Development and modification of a dysphagia question prompt list to improve patient-physician communication: Incorporating both esophageal expert and patient perspectives

Sudharshan Achalu*, Rani Berry, Justin Zhuo, Albert J. Bredenoord, John O. Clarke, Ronnie Fass, C. Prakash Gyawali, Peter J. Kahrilas, David A. Katzka, Benson T. Massey, Roberto Penagini, Sabine Roman, Edoardo Savarino, Marcelo F. Vela, Afrin N. Kamal

*Corresponding author for this work

Research output: Contribution to journalArticlepeer-review


Background: Question prompt lists (QPLs) are structured sets of disease-specific questions, intended to encourage question-asking by patients and enhance patient-physician communication. To date, a dysphagia-specific QPL has not been developed for patients with esophageal dysphagia symptoms. We aim to develop a dysphagia-specific QPL incorporating both esophageal expert and patient perspectives, applying rigorous methodology. Methods: The QPL content was generated applying a two-round modified Delphi (RAND/UCLA) method among 11 experts. In round one, experts provided five answers to the prompts: “What general questions should patients ask when being seen for dysphagia?” and “What questions do I not hear patients asking but, given my experience, I believe they should be asking?” In round two, experts rated proposed questions on a 5-point Likert scale. Responses rated as “essential” or “important”, determined by an a priori median threshold of ≥4.0, were accepted for inclusion. Subsequently, 20 patients from Stanford Health Care were enrolled to modify the preliminary QPL, to incorporate their perspectives and opinions. Patients independently rated questions applying the same 5-point Likert scale. At the end, patients were encouraged to propose additional questions to incorporate into the QPL by open-endedly asking “Are there questions we didn't ask, that you think we should?”. Key Results: Eleven experts participated in both voting rounds. Of 85 questions generated from round one, 60 (70.6%) were accepted for inclusion, meeting a median value of ≥4.0. Questions were combined to reduce redundancy, narrowing down to 44 questions. Questions were categorized into the following six themes: 1. “What is causing my dysphagia?”; 2. “Associated symptoms”; 3. “Testing for dysphagia”; 4. “Lifestyle modifications”; 5. “Treatment for dysphagia”; and 6. “Prognosis”. The largest number of questions covered “What is causing my dysphagia” (27.3%). Twenty patients participated and modified the QPL. Of the 44 questions experts agreed were important, only 30 questions (68.2%) were accepted for inclusion. Six patients proposed 10 additional questions and after incorporating the suggested questions, the final dysphagia-specific QPL created by esophageal experts and modified by patients consisted of 40 questions. Conclusions & Inferences: Incorporating expert and patient perspectives, we developed a dysphagia-specific QPL to enhance patient-physician communication. Our study highlights importance of incorporating patient perspective when developing such a communication tool. Further studies will measure the impact of this communication tool on patient engagement.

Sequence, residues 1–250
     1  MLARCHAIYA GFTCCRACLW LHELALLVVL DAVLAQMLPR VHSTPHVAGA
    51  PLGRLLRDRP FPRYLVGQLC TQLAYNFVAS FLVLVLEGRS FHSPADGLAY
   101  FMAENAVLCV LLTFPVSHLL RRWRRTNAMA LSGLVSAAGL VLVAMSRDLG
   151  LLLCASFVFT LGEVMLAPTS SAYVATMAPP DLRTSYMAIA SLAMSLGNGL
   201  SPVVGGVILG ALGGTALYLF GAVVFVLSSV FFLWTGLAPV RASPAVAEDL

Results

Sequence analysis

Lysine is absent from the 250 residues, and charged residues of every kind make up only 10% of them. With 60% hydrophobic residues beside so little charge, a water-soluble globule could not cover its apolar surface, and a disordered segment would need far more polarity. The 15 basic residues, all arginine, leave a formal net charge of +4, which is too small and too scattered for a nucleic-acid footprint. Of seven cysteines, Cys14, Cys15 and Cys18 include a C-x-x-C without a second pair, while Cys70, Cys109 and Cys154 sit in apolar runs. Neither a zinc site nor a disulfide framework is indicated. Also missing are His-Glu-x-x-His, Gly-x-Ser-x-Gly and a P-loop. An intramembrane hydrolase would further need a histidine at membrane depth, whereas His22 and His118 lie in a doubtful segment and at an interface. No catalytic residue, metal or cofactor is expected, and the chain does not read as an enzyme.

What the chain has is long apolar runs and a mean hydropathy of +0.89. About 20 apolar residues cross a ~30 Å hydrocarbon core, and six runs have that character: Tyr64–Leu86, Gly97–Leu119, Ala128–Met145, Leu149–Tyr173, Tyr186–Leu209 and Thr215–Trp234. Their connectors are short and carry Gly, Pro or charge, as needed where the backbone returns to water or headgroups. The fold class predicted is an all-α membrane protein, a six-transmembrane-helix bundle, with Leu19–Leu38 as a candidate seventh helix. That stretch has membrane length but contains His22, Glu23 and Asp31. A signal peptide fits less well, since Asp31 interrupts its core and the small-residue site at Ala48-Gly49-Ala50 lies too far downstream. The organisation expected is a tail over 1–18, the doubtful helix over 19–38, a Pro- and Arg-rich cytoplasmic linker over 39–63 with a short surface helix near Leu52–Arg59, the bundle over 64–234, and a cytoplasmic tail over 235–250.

Original languageEnglish (US)
Article numbere14600
JournalNeurogastroenterology and Motility
Issue number8
StatePublished - Aug 2023


  • QPL
  • communication tool
  • dysphagia
  • esophageal dysphagia
  • question prompt list

ASJC Scopus subject areas

  • Endocrine and Autonomic Systems
  • Gastroenterology
  • Physiology


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